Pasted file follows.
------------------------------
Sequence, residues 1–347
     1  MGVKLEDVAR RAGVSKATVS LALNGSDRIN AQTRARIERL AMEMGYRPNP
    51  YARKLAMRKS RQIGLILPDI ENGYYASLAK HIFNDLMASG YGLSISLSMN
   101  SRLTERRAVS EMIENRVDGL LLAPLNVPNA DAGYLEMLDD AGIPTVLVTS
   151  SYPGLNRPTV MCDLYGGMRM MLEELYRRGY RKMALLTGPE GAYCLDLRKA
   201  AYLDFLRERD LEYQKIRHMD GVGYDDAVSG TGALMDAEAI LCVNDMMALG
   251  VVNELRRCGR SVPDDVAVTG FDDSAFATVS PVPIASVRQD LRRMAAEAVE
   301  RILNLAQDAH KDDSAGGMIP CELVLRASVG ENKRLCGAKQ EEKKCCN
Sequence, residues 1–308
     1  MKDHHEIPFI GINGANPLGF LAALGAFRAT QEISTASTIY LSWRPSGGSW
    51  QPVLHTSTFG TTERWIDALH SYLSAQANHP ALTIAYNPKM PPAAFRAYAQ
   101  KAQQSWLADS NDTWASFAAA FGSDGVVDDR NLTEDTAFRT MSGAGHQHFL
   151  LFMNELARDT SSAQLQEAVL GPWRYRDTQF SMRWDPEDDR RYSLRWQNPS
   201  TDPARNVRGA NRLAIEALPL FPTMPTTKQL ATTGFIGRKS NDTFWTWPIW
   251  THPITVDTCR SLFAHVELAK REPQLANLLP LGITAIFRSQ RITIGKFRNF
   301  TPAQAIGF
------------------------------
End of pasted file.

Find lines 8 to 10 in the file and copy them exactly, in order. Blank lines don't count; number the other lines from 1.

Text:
   301  RILNLAQDAH KDDSAGGMIP CELVLRASVG ENKRLCGAKQ EEKKCCN
Sequence, residues 1–308
     1  MKDHHEIPFI GINGANPLGF LAALGAFRAT QEISTASTIY LSWRPSGGSW